Maybe I’m misunderstanding everyone’s opinion on this, but are you all saying that you are unhappy with what V Magazine is doing?? I understand your points about more diversity, but as I said, diversity is going to come in small steps, if at all. I think what V Magazine is doing should be celebrated, not criticized as not being enough. Putting these girls out there is a HUGE step forward from where the fashion industry was 5 or 10 years ago. Personally I don’t think it’s fair to criticize V Magazine for trying to do something progressive and say that it’s “not enough”. It’s a forward move, which is totally better than a backward move, right?

    • Sunny says:

      Hey Trish-No, I don’t think most of the commenters-or me for that matter-are saying we’re unhappy with V mag. Just a lot of venting about the state of affairs when it comes to our society’s obsession with weight I think!

  8. Trish, I am not criticizing anyone. My only point that I made in my original post at is that everyone is calling this whole movement “body diversity” and so far, I am only seeing essentially two different body types: tall and thin, and tall and somewhat overweight (and even then, only a certain shape) — hardly diverse in my book.

    I am in AWE of the images in V magazine, as well as recent images in Glamour and the like. It is HUGE what is happening right now. I just want to make sure the momentum doesn’t stop here.

  9. Trish says:

    I still don’t think I’m understanding clearly. I agree that there should be more diversity out there — tall, short, skinny, big, black, white and everything in between. But I also know that complete diversity is not going to come all at once. While I completely agree that it shouldn’t stop here, I’m not expecting a total overhaul of fashion magazines overnight. I just think we should be more enthused about what V Magazine is doing rather than focusing on the fact that it isn’t “enough”. Rome wasn’t built in a day. Perhaps our encouragement and support of what magazines like V and Glamour are doing will push photographers, editors and designers to take “diversity” to the next level, and continue from there.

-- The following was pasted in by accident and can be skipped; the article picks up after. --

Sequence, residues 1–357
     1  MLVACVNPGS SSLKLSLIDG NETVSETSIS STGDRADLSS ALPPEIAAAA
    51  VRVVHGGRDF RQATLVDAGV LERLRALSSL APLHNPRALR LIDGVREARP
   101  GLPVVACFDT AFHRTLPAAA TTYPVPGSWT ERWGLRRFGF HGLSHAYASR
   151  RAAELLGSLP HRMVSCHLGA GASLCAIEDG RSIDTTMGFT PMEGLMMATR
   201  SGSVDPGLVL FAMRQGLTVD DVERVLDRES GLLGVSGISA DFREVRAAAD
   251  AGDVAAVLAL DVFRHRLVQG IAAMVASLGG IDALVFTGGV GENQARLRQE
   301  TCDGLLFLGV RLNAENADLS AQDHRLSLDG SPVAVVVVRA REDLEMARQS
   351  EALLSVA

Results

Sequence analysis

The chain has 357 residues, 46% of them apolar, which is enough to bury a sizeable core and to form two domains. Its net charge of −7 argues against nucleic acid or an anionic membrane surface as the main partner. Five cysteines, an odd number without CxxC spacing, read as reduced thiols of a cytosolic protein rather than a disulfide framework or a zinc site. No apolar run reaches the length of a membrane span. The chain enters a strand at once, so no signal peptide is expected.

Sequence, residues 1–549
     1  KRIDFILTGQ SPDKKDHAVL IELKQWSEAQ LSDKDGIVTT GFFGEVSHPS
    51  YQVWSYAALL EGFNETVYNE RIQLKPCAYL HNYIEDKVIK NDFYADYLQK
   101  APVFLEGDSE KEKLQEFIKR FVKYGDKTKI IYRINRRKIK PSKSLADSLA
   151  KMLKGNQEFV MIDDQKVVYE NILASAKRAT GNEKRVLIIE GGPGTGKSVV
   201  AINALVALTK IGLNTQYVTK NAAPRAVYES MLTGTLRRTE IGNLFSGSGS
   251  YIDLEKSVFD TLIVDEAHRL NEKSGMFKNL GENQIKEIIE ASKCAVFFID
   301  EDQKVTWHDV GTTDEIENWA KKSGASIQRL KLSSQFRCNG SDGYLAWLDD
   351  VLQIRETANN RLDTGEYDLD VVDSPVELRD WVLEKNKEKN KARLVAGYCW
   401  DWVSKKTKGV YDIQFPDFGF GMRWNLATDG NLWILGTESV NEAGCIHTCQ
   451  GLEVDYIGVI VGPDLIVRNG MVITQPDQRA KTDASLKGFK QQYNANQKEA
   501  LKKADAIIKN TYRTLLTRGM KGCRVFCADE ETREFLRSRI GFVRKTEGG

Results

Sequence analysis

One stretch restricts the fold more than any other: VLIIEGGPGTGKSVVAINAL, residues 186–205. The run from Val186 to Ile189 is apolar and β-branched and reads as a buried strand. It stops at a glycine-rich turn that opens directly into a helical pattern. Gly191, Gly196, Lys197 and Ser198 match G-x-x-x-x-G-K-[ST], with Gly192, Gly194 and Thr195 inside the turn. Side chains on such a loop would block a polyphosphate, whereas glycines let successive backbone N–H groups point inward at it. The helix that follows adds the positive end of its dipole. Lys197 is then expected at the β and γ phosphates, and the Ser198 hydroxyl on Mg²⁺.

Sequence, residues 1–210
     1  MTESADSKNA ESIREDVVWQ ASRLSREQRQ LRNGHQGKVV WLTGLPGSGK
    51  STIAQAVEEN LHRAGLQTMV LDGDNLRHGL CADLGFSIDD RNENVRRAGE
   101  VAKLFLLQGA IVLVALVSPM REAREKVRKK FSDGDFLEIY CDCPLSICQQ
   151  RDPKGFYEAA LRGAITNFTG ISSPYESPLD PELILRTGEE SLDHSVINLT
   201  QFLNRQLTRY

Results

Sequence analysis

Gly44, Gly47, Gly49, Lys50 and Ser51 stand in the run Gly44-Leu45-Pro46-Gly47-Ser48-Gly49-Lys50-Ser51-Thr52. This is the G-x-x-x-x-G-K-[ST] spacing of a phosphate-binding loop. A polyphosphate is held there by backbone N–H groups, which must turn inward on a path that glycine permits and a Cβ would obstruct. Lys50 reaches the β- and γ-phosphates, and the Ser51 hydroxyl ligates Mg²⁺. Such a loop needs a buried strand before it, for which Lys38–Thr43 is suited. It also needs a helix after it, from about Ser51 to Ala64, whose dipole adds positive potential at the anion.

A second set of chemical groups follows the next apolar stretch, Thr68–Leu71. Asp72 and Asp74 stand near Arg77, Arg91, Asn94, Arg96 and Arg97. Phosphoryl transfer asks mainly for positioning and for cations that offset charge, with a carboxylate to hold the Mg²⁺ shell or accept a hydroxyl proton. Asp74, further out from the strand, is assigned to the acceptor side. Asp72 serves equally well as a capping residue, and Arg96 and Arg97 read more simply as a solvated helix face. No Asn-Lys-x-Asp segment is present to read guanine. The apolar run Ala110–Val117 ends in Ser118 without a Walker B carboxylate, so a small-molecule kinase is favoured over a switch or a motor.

10. Christopher says:

    I’d say it’s a positive sign of the mainstreaming of body acceptance that we can even have a debate over whether V mag’s moves are sufficiently radical. I’m pretty sure every movement has this debate (over and over again…)

  11. Mindy says:

    I agree with Christopher.

    My perspective…while it IS nice to see bigger women represented in fashion, it still doesn’t alter certain attitudes about weight and body shape.

    Crystal Renn is very lovely. The woman pictured above is gorgeous. But who are we kidding? They are not considered to be the image of “ideal beauty” by most people in this society.

    Personally, I think this is a shame because they are both beautiful with sexy curves.

    There are many women out there who would still rather look more like Heidi Klum than a plus-size model, no matter how pretty the model might be.

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Sunny Sea Gold

About the Author

Sunny Sea Gold is a media-savvy advocate and commentator specializing in binge eating disorder, cultural obsessions around food and weight, and raising children who have a healthy body image.